for me it doesn't mean you can't , enjoy it and you can't enjoy it on some level of spontaneity, but the more you can find, connecting with how it affects your life were finding parallels -- at the same time, the more you know about what goes into, and how difficult it is, does it make it good? the more you appreciate it. ejiofor: that is very true. i went to see, recently, a play for othello. and having such an intimate knowledge of the play, a word for word knowledge, it is always great for me to see that play and see what choices people are making. to see what they are doing. how they are doing it. how it affects the rest of the play and the audience. you know, where they've hit with
the humor, where they lost it. it's a fascinating thing to do. and part of it is holy, because i'm still within it. i know it's a well. charlie: we both talked about being in london and seeing benedict cumberbatch and hamlet. but because of the number of years i've been on the air with this program, 25 years, we've had a remarkable group of actors that have acted as hamlet. it has been a defining experience for them. livier, toy back to o take those different performances. you understand a bit about the craft of acting and playwriting. if you can take a play and see it done in so many different ways, all true to the text, but at the same time, understanding the creative imagination that goes into -- ejiofor: especially hamlet. charlie: most of all, hamlet.
ejiofor: it is difficult. it is so well known. it is hard to, kind of -- it is surprising. i saw hamlet, and outdoor hamlet that was an amateur production in oxford. in fact, the production was actually rained off because they could not do the last fight scene. it was too slippery and too dangerous. but i remember halfway through, for the first time, i caught the emotional wind of hamlet. it really shocked me. i had been familiar with it for years. charlie: how many times have you done it? ejiofor: never done it. charlie: never once? ejiofor: i have been asked to do it on different occasions. charlie: why have you said no? ejiofor: because i do not know that i fully understand hamlet in theater, is my admission. and because of that, i never really found myself totally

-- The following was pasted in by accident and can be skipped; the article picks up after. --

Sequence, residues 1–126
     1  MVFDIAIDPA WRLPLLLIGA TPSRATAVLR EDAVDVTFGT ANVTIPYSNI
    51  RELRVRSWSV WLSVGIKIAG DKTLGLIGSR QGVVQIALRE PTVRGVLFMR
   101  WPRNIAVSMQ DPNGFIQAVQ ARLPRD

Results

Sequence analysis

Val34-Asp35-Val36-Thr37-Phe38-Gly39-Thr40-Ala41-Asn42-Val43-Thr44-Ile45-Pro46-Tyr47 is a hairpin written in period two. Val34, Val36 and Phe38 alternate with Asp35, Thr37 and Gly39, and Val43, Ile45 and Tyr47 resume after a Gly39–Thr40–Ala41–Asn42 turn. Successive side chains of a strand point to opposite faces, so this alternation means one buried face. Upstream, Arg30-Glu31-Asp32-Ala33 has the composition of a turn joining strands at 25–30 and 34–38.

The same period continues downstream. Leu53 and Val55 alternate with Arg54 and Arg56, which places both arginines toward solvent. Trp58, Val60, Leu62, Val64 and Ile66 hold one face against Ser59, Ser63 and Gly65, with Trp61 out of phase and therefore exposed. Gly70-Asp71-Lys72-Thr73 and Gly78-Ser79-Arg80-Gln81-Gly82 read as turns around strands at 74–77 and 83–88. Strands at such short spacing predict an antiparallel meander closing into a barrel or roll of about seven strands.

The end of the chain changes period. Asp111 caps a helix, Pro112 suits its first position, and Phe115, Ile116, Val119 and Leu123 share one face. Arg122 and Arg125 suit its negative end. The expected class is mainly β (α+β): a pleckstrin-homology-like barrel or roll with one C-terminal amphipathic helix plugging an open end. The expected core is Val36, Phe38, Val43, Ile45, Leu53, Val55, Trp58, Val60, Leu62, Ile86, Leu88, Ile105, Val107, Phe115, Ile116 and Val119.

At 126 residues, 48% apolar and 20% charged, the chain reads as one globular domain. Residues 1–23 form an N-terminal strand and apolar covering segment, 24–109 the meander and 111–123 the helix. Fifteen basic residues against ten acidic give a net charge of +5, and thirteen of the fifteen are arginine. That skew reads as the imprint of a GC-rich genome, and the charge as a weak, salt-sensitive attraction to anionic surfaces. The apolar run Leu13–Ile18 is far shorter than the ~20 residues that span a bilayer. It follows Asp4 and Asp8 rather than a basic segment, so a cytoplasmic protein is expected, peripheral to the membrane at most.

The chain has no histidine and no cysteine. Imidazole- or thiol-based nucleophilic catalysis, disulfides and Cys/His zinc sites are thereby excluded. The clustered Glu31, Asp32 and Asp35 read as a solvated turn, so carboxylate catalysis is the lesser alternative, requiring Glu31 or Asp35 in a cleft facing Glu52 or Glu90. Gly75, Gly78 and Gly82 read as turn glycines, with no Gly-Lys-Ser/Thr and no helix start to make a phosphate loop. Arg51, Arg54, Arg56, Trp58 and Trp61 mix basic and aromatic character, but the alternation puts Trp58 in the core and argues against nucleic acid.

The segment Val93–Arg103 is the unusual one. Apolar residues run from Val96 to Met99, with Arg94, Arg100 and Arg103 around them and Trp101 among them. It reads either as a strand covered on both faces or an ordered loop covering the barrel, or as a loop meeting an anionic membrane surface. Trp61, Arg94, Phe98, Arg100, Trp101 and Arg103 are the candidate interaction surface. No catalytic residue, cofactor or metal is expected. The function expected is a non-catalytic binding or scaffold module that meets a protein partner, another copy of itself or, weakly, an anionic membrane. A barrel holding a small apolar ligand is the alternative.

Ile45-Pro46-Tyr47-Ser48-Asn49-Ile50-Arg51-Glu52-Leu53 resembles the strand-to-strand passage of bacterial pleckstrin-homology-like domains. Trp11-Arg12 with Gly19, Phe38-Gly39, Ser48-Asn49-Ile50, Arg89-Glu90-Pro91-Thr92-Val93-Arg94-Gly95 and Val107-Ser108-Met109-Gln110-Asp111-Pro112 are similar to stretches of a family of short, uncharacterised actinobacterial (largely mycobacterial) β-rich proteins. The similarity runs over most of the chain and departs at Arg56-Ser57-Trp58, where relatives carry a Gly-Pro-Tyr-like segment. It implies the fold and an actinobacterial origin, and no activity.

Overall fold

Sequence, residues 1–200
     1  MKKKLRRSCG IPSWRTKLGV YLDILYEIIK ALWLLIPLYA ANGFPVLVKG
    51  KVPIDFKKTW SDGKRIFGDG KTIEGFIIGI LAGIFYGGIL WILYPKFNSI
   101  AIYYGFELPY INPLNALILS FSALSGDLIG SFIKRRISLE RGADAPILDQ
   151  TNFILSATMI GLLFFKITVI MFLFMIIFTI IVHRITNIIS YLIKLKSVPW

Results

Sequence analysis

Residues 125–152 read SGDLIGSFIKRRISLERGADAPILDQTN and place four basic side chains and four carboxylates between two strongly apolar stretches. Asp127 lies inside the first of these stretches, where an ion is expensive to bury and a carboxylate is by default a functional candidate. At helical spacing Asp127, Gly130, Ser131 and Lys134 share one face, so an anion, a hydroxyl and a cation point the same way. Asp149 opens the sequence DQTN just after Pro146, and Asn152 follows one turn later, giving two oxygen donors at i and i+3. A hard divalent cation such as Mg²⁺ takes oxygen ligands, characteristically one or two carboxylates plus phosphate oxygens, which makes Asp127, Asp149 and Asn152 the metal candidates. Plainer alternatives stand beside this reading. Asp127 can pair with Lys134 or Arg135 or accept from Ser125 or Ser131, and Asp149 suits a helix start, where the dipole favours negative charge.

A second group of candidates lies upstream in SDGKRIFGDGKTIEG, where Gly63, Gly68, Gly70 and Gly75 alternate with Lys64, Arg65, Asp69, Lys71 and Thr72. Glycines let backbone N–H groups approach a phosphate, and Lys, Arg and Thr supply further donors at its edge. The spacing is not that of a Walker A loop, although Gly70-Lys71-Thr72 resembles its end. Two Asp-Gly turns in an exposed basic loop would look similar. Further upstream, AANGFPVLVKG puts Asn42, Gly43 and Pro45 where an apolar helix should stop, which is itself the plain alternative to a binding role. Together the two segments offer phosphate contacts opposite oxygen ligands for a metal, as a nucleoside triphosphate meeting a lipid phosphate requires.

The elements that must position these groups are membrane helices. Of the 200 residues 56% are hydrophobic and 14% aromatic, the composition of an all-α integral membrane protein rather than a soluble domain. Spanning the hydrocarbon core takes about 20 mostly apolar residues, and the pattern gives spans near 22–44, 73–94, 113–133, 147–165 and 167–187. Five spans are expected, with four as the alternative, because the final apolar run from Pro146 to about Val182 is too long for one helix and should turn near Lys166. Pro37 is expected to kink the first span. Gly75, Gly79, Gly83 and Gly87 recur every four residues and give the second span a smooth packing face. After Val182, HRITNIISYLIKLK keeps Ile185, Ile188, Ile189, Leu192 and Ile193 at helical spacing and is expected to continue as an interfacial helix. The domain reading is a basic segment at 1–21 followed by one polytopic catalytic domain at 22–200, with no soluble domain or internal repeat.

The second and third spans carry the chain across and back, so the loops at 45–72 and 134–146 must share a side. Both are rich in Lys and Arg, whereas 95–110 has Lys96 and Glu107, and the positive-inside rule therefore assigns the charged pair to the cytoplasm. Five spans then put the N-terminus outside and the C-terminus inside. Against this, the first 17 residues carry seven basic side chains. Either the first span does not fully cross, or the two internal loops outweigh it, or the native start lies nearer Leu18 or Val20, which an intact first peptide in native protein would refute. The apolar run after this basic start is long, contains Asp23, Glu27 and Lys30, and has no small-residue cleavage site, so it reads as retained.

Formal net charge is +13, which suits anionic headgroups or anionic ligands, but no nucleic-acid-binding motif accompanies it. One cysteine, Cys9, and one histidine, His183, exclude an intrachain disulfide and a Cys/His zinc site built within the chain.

capable of being inside the play. charlie: what is it you not -- that you do not understand? ejiofor: their dynamic. their relationship. charlie: unless you understand that, you don't think you could. ejiofor: it has made it hard for me to understand the dynamics. suicide, the relationship. how he treats her. and what that is ultimately about. i have read extensively about it. i still don't quite -- i have never been able to sit with it the way i have been able to sit with other -- charlie: there are people here that really don't do shakespeare that are very good actors. bill nigh. he has no interest in shakespeare. i can't imagine you won't do hamlet. you can have a life without it, obviously. i'm not saying you have to do it to be happy or fulfilled. but you are so good --
[laughter] ejiofor: i would love to find a way of really connecting. i haven't yet. but the penny might well drop. you know? i have read it through and have been really happy. and reaching a certain point. thinking what is this? charlie: let's take the film role. z for zachariah. did you have to understand him? did you have to see and understand the relationship he had? ejiofor: i think you have to understand and imagine yourself there. there is a lot of work to do once that happens. you know there are a lot of , dynamics and nuances to flesh out. but of all the basic dynamics in place, if i get it, i can get on the train, at least. charlie: what is the worst decision you have ever made?
ejiofor: the worst career decision i have made. charlie: either by omission or commission. ejiofor: i suppose, in the end, there are a number of different pathways. one could take -- charlie: and you can't really tell if you took this you might not have seen this. ejiofor: i mean, the clearest indication of that was, for me, which is not a decision i don't think was a bad decision but -- it did not seem like a decision that would likely have a good and. that was after i did amistad. i was young. i decided not to stay in hollywood. i decided to go back to london and continue the theater career. at that point, i assumed i would be doing theater. i didn't envision possibly having a film career.
even though i had just worked with steven spielberg. [laughter] it struck me that was a mistake. maybe at that point i should have started to try to do films and do films in los angeles. but i don't know. i think my decision to go back to london also influenced my -- and to go back to the theater is why i met bill nighy, and i met others and did things. you never, there is no part of it that is cut and dry. there are so many different little avenues. i could drive myself out. charlie: it premieres in theaters and on vod.
al pacino becomes them. here's a look at some of them. >> i take you back, and you still my wife? >> i love you. i was going to go out and score for you. >> the reality is, we just -- i don't care if i am in trouble or who gets it anymore. including myself. if we have to go to outside agencies -- where are we going to go? where am i going to go? i know it was you, fredo. you broke my heart. you broke my heart. get back there, man. get over there. he wants to kill me so bad, he can taste it. attica! attica! you want to play rough? ok. say hello to my little friend!